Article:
Chapter 4
People

Australian Defence Force Cadets

Defence delivers youth development programs for young Australians aged between 12-and-a-half and 20 years of age through the operation and administration of Australian Navy Cadets, Australian Army Cadets and Australian Air Force Cadets. These Cadet organisations provide development opportunities that play an important role in shaping the values and life experiences of the young participants, as well as exposing them to a potential ADF career.

The Cadet organisations operate in a partnership between Defence and the community. In June 2008, there were approximately 22,000 Cadets and 2,287 Cadet staff in 455 units throughout Australia. In terms of gender breakdown, 80 per cent of ADF Cadets are male and 20 per cent are female.

Cadets' contribution to ADF recruitment

Cadets make a significant contribution to ADF recruitment with 10 to 18 per cent of general enlistments being ex-Cadets in recent years. This figure is significantly more than the one per cent of their age cohort they represent in the general population. Since 2001, ex-Cadets have provided 35 to 40 per cent of the annual intake to the Australian Defence Force Academy.

In recent years, the conversion rate of ex-Cadet inquiries to applications and then to enlistments has been double the success rate of non-Cadets.

Ongoing commitment to Cadets

The Government and Defence have recognised the pathway to ADF recruitment and the broader benefits of youth development in partnership with the community and are committed to maintaining vibrant Cadet organisations. In the 2007-08 Budget, the Government committed an additional $100m across 10 years to enhance and expand Cadets programs. This funding, together with funding from the Services, has provided for the support and management of their Cadet organisations, including the provision of uniforms and equipment, the payment of Cadet Forces Allowance to adult staff and the conduct of annual camps and bivouacs.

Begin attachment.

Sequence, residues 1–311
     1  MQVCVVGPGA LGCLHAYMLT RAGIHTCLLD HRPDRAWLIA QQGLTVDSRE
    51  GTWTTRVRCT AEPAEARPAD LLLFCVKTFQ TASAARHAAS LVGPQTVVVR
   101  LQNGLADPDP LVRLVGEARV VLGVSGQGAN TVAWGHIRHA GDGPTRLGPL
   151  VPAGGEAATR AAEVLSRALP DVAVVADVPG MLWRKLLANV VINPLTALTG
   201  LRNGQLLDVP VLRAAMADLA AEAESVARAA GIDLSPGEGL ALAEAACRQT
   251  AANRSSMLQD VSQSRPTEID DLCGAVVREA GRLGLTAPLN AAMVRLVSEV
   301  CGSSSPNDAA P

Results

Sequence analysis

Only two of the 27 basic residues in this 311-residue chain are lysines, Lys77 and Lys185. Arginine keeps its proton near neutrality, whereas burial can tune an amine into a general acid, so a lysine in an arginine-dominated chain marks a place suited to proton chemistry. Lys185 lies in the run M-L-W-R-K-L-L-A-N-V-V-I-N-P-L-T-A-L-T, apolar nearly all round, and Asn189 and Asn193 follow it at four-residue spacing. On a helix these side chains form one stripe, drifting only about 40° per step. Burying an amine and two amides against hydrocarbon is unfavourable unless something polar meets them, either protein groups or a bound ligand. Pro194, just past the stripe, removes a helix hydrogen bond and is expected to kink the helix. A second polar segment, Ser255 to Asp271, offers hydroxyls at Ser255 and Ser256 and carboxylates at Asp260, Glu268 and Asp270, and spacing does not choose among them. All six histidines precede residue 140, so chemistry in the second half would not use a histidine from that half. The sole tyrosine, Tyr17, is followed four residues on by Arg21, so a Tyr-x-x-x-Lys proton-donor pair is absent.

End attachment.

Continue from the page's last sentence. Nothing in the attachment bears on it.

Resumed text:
In 2007-08, specific initiatives to enhance the Cadet programs included:

The participation of more Indigenous youth in the Australian Defence Force Cadets is strongly encouraged through the Indigenous Participation Program (IPP). As part of a joint initiative with the Australian Navy Cadets and the Indigenous Liaison Officer-North Queensland, extensive work was undertaken to develop a remote Cadet initiative between the Palm Island Aboriginal Community in North Queensland and the ANC Training Ship Coral Sea in Townsville, Queensland. The initiative involves TS Coral Sea acting as a foster unit for Indigenous youth and volunteer staff from Palm Island who will be identified, selected, enrolled and trained as ANC Cadets and staff.

The Indigenous Cadet training officer for the Northern Territory has conducted three IPP Cadet camps which are an essential part of the overall training for Indigenous Cadets from predominately remote areas across the Northern Territory. The two initial camps provided a basic showcase of the Australian Army Cadets' functions and potential learning and developmental experiences, and the third camp focused on Cadets' understanding of the Cadet ethos, discipline and teamwork.

Review of Cadets

Despite the commitment to Cadets and the initiatives to expand and enhance the programs, numbers have generally been static or in slow decline for a number of years. Additionally, the three Cadet organisations operate separately within a complex legislative framework, and in a competitive youth development market. In June 2008, the Government announced an independent review into Cadets. The review will consider objectives and desired outcomes of ADF Cadets, as well as appropriate organisational and administrative arrangements. It is expected that the review will be considered by Government in the second half of 2008-09.

  1. www.cadetnet.gov.au. [back]